Thousands of people have turned up for the first major anti-capitalist protest march ahead of the G20 summit in Germany.
The early part of the day was largely peaceful but later clashes left more than 70 police officers and an unknown number of protesters injured.
20,000 security forces have been deployed during the two-day meeting of world leaders which begins on July 7.
People of all ages, from babies to pensioners, joined in the morning procession in the city of Hamburg.
Many tourists also took part.
Demonstrators say the G20 group of the world's leading economies has failed to solve many of the issues threatening global peace and the environment.
There was a huge police presence around the city's market square where the main rally was held, with rows of vans, water cannon and officers in heavy riot gear positioned in all directions.
Demonstrator Dirk Mirkow said he was there because he wanted to protest wealth inequality and the presence of the leaders in Hamburg, "Donald Trump denies climate change. And because the richest eight men own as much as a large percentage of the world's population."
The first clashes broke out when another demonstration kicked off in the city center on Thursday afternoon.
The Welcome to Hell organizers had promised "to turn Hamburg into a location and an exclamation mark of resistance against old and new authorities of capitalism."
Protesters tried to march towards a footbridge towards the summit venue but lines of riot police blocked their path.
Officers said the unrest then spread to other areas of the city.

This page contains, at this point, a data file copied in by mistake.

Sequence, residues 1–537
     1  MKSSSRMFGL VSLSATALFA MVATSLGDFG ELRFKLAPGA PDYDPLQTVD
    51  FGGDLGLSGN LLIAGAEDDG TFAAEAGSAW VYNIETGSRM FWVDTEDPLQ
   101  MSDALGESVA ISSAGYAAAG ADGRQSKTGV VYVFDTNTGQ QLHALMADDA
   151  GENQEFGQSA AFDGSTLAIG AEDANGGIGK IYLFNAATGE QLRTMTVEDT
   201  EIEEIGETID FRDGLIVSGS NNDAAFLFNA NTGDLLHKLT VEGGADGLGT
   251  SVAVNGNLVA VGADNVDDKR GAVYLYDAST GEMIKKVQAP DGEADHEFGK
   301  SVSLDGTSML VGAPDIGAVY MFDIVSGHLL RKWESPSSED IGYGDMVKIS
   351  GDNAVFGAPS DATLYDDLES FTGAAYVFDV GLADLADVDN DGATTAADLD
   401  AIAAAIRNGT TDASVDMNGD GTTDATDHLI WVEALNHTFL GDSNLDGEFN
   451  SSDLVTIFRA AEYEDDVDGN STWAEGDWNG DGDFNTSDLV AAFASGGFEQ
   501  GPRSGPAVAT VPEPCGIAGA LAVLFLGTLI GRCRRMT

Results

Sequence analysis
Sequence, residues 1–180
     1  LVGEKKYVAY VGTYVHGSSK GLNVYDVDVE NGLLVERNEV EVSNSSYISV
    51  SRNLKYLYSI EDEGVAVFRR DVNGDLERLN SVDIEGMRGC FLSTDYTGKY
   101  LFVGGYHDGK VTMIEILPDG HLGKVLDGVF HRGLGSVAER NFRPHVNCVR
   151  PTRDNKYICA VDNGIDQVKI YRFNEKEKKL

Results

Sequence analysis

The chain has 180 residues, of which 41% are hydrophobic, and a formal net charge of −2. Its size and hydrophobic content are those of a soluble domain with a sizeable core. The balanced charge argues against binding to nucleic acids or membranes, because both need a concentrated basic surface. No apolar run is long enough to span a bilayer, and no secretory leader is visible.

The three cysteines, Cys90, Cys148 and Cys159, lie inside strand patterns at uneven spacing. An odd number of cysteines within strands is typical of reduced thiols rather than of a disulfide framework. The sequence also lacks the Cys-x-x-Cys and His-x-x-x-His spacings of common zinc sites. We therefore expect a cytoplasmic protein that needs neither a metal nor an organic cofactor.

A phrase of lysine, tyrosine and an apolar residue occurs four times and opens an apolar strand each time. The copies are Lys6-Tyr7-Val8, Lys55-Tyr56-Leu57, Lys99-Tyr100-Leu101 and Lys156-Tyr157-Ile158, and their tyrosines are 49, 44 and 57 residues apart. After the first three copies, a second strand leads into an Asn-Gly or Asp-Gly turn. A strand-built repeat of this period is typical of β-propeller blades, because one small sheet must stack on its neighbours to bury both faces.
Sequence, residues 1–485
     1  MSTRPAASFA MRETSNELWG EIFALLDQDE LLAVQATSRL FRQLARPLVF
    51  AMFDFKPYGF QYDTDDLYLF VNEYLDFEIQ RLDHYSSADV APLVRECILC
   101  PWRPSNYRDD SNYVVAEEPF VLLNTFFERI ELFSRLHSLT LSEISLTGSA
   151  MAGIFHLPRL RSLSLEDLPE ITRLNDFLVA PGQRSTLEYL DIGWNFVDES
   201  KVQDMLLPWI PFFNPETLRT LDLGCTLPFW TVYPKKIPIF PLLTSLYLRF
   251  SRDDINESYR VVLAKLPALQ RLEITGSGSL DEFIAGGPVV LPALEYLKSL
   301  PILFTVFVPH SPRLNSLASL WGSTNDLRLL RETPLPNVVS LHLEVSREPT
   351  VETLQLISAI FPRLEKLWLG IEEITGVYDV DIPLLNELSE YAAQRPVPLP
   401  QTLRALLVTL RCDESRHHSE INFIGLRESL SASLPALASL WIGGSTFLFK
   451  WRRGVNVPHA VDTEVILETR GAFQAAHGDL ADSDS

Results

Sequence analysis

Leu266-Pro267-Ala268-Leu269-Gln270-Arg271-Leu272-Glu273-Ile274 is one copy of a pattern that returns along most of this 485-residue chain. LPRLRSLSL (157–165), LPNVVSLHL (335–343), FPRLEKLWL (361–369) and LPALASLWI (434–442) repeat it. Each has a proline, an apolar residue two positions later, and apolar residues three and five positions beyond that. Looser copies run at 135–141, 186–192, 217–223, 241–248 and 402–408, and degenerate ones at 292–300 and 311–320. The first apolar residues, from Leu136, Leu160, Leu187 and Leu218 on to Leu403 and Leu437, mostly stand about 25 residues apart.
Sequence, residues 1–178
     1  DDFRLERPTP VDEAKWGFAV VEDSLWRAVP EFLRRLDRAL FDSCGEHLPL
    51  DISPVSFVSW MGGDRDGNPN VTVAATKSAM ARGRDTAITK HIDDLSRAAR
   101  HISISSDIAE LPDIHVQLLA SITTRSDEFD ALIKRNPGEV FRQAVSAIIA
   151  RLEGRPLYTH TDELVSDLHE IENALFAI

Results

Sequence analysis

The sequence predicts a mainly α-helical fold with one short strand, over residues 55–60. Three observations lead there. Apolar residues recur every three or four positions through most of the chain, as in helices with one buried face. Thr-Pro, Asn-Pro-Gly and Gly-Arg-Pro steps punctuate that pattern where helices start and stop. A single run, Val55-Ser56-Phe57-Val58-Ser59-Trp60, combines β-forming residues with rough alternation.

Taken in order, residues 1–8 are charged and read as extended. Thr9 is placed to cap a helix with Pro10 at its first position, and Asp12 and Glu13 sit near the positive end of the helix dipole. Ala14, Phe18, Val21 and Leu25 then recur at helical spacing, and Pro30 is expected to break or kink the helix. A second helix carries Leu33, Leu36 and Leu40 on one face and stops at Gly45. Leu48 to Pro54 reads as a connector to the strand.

A Reuters witness reported seeing one demonstrator with blood on his face being treated.
Medics were seen attending to several other people.
At least one person appeared to have been seriously hurt and was carried away covered by a foil blanket.
Reports say one person has been arrested.
Up to 100,000 protesters are expected in Hamburg during Friday and Saturday.
The clashes took place as the German Chancellor Angela Merkel met the U.S. President Donald Trump for a bilateral meeting before the summit.
Merkel has taken a high-risk gamble by choosing to hold the talks in the northern port city, partly to show the world that big protests are tolerated in a healthy democracy.
Before meeting Trump, she struck a consensual tone, holding out hope for agreement on the divisive issue of climate policy and promising to broker compromises.
She pledged to represent German and European interests at the summit, but added, "On the other hand, as hosts we - and I - will do all we can to find compromises."
Trump faces a testy confrontation at the summit with leaders of the other big Group of 20 economies after deciding last month to pull the United States out of the 2015 Paris climate deal.